Thursday, December 13, 2012

These Damn Tics

So, I'll start with the good stuff first, and then we'll slowly roll downhill from there. Perrin's mood has been pretty stable for the last several weeks, and his behavior has been amazing. The only issues we have seem to be typical 8 year old boy defiance of authority - which, to be honest, I sort of find endearing at times. I certainly have no expectations that he will mindlessly obey, and my own parents encouraged us to question authority (within reason). He is fully able to express his displeasure with my bossiness, as well as easily vocalize his feelings even if he doesn't always know why he feels as he does sometimes. This is the curse of the mood disorder - we do not always know why we're feeling blue on any particular day, and sometimes it's simply the lack of sunshine.
Socially, he is doing pretty well.  A year ago, he just played alone most of the time, and if he did want company, he'd simply play his own games closer to a group of kids without really engaging them. And often he sort of freaked them out with his exuberant role playing. Now, he will actively seek out other kids when he feels like it and even asks if they want to play. I think Perrin's most admirable quality is that he does not care what other people think of him. If other kids look at him oddly because of his tics or because he's thrashing on the floor in the throes of a vicious Nighlok attack, he is blissfully unaware of it. I am very envious of this trait, as I still cringe inwardly when I see the way the other kids look at him.
Also, and this should tell you how significant it is, EXTREMO IS LONG GONE!!! Haven't seen that bastard in over a month. He sometimes pretends to be a Power Ranger villain, but it's lighthearted and fun, and it never carries over outside of regular playtime.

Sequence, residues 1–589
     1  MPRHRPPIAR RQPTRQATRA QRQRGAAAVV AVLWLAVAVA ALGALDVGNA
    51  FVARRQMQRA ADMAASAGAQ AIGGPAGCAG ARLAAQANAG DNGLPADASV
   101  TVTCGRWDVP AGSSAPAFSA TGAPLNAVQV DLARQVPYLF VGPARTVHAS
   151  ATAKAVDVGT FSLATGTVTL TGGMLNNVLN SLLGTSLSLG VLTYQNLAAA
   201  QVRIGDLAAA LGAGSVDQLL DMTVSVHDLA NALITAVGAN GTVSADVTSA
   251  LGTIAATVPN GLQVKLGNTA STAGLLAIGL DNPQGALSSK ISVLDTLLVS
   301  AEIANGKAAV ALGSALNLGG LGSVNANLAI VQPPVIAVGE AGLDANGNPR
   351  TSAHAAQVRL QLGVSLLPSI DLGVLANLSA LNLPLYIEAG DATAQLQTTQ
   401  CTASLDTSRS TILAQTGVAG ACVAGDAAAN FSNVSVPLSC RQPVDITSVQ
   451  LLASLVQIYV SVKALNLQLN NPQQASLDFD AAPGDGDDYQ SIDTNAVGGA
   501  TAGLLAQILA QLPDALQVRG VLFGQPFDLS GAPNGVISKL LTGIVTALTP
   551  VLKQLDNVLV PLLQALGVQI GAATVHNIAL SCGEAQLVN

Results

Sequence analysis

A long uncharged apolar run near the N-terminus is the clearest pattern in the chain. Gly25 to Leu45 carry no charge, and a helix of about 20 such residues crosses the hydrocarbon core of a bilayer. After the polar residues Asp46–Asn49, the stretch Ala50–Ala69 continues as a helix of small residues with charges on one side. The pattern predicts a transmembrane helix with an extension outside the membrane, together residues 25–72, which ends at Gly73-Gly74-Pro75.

And now join me in the shit at the bottom of the hill. Perrin's tics are now pretty much constant. Face rubbing, eye rubbing, finger fidgeting, pretending to pick something off the floor, licking his lips, sticking out his tongue, facial grimacing, panting, repeating "chu chu chu," rubbing his feet on the floor, scraping the skin between his thumb and forefinger to the point of bleeding, and many more.
Try doing math with your fingers when they are required for ticcing. Or reading a book aloud when you have to lick your lips or swallow 3 times every few seconds. It's damn near impossible. Or using a computer mouse when your hands have to stay in tight fists all the time.
Academically, he's hit a wall because there seems to be no room in his brain for any additional input. There's been no substantial progression in his reading in almost a year. In the summer, when his tics were almost nonexistent, he hit a huge stride and was almost up to grade level in sight word recognition. His reading speed was improving, and he was understanding new math concepts. Suddenly, he has lost almost half of those previously mastered sight words, and his need to tic makes it increasingly challenging for him to even pay attention to any new lessons. Nothing can get in, and when it does, it doesn't stay in.
So, I'm left again with the medication conundrum. Treat the ADHD and watch him struggle through tics or try to teach him while he's pacing around the room and laughing hysterically? It's an impossible decision. At this point, I think I have to choose to try to decrease the tics, which means decreasing his ADHD meds while increasing the clonidine in the hope of some sort of balance. The Christmas break seems like a pretty good time to throw his brain into a blender, right?


  1. Horray for his social improvements!
    Bummer on his tics being constant now. Poor guy =(

  2. Amanda,I think that you are doing a great job.You have a happy child.Teach when you can.But above all,keep things happy:)Love Mom